The main challenges faced by psychiatrists in the Arab world are stigma, shortage of resources, role of the family and effects of conflicts and migration. Psychiatrists practising in this region have to adapt to these challenges and use creative methods to provide a good service to their patients.
A woman in her mid-20s presented to a private psychiatric out-patient clinic with a longstanding obsessive–compulsive disorder of contamination. She had fled her home country with her family because of an ongoing armed conflict. They were under temporary ‘visitor’ visas and the possibility of their stay not being renewed created immense anxiety. The patient was prone to bouts of anger on a regular basis, causing her to shout at her mother and brother. Her mother was concerned that the neighbours might complain, which might get the family into trouble with the police. The family were eager to know if the patient's condition was likely to improve with medication. They also asked if she could be admitted to an in-patient unit for treatment. Unfortunately, the psychiatric in-patient unit was not suitable for her needs and she could not go back to her home country because of safety concerns. The cost of treatment at a private clinic was expensive for the family. She was not eligible for state-funded healthcare.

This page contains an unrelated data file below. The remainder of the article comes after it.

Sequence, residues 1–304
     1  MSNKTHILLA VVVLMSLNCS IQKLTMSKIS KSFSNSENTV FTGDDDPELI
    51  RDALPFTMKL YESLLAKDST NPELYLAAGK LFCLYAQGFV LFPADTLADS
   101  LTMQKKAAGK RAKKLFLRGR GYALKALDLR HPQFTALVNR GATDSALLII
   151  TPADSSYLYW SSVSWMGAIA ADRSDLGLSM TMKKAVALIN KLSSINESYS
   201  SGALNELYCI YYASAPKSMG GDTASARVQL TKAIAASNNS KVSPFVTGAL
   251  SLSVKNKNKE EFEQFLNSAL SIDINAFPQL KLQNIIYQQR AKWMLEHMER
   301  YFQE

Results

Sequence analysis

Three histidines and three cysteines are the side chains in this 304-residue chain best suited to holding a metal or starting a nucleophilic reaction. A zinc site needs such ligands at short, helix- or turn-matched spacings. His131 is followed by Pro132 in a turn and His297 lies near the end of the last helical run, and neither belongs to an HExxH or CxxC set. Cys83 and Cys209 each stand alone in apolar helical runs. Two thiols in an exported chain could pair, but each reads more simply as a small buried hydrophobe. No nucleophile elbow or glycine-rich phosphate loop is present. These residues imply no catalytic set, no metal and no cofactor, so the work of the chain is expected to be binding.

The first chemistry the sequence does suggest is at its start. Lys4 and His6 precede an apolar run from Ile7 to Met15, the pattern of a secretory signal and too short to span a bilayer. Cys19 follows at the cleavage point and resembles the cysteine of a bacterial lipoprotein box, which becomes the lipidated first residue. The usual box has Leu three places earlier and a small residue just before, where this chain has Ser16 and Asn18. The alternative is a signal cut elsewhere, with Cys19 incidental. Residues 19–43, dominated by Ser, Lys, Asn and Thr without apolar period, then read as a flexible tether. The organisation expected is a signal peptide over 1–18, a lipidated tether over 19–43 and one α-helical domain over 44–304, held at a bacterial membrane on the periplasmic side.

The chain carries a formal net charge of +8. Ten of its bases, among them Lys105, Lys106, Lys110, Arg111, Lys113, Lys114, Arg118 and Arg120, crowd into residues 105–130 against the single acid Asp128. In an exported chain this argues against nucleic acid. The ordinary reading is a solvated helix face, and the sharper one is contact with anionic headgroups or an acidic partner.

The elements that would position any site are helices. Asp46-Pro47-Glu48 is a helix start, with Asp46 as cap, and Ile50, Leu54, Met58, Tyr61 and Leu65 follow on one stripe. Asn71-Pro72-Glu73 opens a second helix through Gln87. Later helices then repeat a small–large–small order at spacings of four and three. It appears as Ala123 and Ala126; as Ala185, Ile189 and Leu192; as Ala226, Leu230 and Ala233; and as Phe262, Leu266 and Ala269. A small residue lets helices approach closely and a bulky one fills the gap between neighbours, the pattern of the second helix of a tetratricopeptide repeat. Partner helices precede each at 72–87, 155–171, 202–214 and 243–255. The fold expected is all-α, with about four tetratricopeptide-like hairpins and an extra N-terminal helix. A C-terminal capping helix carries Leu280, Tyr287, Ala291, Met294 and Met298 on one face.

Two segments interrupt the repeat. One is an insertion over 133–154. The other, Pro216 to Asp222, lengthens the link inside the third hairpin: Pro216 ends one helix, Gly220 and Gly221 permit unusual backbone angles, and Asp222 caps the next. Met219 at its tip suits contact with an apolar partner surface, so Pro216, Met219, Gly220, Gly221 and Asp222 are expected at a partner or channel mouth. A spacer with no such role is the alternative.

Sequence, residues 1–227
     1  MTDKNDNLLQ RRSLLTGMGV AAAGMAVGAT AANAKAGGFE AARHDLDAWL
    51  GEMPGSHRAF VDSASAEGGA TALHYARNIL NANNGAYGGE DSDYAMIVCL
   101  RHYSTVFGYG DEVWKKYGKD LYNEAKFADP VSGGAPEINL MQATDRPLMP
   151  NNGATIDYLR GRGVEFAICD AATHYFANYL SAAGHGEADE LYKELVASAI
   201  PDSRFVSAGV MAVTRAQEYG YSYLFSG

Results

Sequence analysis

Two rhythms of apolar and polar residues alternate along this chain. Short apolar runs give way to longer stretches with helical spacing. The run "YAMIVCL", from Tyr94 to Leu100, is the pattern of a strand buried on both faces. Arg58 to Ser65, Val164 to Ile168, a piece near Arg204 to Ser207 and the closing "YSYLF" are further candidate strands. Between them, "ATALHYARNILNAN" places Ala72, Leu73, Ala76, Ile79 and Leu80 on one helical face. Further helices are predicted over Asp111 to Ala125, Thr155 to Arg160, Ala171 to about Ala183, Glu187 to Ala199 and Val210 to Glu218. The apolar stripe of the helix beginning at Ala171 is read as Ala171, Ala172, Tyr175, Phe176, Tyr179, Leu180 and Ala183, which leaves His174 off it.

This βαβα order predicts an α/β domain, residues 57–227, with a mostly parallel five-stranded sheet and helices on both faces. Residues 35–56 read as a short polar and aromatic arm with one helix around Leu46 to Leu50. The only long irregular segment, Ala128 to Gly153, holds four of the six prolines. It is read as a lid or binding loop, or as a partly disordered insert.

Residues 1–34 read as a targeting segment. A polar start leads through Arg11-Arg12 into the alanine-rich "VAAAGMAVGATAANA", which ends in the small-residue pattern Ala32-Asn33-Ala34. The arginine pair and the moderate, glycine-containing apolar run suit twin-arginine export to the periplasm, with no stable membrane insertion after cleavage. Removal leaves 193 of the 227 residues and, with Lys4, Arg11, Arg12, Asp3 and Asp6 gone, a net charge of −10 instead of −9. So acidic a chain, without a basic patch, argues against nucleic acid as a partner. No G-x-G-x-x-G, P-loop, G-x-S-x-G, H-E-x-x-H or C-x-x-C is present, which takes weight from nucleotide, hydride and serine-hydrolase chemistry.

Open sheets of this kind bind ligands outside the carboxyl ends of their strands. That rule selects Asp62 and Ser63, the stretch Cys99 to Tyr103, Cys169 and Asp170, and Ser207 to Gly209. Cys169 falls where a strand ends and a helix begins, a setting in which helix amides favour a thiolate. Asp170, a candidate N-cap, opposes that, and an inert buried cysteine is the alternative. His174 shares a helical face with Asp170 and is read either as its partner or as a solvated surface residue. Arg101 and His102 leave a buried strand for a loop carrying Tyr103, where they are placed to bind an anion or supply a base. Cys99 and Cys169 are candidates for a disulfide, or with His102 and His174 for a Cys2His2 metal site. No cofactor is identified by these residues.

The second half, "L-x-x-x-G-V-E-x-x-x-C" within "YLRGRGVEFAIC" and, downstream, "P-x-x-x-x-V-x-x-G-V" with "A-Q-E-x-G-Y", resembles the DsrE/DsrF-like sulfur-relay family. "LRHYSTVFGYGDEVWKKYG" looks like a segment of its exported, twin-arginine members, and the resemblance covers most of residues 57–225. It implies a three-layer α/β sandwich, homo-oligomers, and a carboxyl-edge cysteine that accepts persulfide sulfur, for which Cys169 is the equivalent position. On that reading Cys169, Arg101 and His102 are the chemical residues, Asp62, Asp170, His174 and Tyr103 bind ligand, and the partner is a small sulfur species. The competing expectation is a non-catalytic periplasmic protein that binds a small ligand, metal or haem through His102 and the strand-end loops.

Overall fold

The psychiatrist had to manage a complex situation created by stigma, effects of war and migration, lack of appropriate resources and the role of family. He maintained a trusting relationship with the patient and made sure no information was given to her family without her consent. Regular contact with the family was maintained to increase awareness about the nature of the patient's symptoms and to support the family in coping with the difficulties mentioned above.